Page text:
Elwood Carlson , Florida State University
Nathalie Williams, University of Washington, Seattle
According to UNHCR data there are now almost six million Syrian refugees and asylum seekers, in addition to more than six million Syrians internally displaced within the country. Despite small numbers for Syrian conflict-related migration prior to 2011 as shown in Figure 1, there were in fact already Syrian populations in virtually all countries that experienced the conflict-related Syrian diaspora after 2011. Some countries experienced much larger increases in Syrian population than others. We contrast starting populations of Syrians in different countries (prior to 2011) to new arrivals during the period of armed conflict. Original data from more than a dozen destination countries show that selectivity in migration differed during the armed conflict in Syria compared to prior that period, with respect to age distributions, sex ratios, educational attainment and family living arrangements. Changes over time within different destination countries illustrate an emerging pattern confirming that the migration stream shifted dramatically after the start of the conflict to create a much more vulnerable population in the receiving countries.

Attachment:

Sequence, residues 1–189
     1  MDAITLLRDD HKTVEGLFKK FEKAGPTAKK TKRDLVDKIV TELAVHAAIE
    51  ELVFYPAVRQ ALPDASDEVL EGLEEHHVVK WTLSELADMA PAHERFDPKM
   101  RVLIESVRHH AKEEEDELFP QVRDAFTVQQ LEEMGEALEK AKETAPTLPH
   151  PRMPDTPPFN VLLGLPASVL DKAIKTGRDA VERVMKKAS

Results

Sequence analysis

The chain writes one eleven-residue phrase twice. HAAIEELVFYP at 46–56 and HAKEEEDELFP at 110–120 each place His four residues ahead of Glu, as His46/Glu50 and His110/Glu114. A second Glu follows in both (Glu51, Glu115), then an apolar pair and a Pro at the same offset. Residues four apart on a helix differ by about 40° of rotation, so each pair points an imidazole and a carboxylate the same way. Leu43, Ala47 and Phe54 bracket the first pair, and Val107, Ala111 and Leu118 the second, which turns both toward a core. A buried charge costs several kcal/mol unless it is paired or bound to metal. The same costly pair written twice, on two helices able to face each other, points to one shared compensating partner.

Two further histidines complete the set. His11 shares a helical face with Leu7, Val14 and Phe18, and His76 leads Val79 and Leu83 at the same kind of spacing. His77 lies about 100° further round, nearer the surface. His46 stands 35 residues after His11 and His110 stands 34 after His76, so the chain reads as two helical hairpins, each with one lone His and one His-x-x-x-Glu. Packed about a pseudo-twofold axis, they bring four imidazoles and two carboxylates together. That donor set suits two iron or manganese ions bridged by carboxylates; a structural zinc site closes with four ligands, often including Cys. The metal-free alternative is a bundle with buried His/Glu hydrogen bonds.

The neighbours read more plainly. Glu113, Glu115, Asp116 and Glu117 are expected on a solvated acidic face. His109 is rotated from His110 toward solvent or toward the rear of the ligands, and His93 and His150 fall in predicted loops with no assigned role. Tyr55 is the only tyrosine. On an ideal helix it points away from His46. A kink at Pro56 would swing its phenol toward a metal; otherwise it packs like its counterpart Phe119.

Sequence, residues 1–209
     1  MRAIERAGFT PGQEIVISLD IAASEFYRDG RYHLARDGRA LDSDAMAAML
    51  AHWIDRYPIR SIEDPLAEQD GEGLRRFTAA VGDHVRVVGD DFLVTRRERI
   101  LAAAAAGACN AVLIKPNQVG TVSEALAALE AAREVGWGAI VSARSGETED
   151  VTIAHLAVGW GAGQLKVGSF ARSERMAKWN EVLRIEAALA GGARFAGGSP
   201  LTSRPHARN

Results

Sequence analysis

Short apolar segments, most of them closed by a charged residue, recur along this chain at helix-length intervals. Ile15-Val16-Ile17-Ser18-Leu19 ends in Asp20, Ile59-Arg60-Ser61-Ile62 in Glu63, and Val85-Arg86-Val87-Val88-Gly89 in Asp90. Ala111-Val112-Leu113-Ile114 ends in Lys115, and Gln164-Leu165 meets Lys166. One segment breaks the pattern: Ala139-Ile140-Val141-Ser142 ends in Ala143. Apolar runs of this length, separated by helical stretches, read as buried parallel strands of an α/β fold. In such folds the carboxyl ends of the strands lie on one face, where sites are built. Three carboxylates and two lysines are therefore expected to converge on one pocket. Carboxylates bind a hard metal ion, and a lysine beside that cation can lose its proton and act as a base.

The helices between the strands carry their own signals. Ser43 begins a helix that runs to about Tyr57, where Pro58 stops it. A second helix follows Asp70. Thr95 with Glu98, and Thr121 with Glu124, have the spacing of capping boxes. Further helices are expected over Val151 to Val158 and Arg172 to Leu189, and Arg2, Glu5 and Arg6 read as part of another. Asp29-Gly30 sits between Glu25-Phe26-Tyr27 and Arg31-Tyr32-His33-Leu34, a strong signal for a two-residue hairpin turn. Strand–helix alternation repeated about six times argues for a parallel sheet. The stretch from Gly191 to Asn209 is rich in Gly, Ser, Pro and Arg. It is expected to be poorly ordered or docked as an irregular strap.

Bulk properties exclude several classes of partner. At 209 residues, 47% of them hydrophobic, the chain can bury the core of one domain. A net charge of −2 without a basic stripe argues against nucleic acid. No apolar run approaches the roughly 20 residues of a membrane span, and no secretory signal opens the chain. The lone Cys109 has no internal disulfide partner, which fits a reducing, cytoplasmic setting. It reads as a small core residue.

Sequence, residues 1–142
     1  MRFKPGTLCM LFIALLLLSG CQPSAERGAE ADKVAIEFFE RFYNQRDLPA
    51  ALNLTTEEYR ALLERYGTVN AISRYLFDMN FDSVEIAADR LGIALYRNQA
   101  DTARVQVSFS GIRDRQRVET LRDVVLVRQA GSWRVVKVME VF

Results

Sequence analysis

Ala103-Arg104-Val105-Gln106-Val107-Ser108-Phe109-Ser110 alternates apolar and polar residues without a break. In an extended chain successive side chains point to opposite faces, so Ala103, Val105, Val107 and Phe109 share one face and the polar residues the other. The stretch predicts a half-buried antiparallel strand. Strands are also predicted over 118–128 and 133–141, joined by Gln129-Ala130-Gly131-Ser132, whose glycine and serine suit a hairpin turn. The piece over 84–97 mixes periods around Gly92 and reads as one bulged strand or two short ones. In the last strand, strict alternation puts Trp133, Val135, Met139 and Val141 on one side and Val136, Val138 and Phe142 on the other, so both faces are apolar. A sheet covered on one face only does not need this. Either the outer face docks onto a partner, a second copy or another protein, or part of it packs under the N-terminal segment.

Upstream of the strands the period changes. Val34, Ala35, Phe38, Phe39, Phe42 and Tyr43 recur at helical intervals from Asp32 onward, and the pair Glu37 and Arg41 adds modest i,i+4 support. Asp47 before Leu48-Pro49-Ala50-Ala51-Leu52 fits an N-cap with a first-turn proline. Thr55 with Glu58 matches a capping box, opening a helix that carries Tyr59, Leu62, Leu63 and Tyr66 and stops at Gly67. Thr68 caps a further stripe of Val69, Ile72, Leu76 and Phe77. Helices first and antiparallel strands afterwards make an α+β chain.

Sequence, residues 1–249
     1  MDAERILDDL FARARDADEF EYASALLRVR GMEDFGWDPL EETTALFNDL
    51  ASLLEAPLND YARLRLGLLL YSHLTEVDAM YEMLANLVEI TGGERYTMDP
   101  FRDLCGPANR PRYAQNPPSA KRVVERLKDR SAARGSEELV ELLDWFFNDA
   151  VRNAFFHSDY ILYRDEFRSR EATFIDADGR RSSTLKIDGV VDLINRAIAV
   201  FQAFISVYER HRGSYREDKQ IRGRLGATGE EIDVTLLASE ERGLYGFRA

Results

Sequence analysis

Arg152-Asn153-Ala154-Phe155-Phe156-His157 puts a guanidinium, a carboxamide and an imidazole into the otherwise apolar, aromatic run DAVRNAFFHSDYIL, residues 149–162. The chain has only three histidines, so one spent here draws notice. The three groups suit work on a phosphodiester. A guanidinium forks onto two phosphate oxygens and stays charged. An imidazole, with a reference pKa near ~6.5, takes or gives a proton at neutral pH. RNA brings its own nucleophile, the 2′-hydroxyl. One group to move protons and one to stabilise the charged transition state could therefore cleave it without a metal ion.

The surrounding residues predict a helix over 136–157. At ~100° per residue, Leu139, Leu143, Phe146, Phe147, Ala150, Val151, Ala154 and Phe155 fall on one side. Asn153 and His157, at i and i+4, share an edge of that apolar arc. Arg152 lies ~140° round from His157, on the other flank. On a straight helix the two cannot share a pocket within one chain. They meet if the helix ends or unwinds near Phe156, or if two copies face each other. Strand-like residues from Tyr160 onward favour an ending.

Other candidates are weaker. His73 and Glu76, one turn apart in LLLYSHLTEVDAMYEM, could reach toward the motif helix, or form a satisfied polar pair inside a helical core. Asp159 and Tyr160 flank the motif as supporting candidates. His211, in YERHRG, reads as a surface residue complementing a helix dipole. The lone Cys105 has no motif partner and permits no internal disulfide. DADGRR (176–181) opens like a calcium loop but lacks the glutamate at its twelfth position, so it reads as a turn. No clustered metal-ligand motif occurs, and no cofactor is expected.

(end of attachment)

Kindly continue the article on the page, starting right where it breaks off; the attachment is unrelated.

Presented in Session P3. Poster Session Migration, Economics, Environment, Methods, History and Policy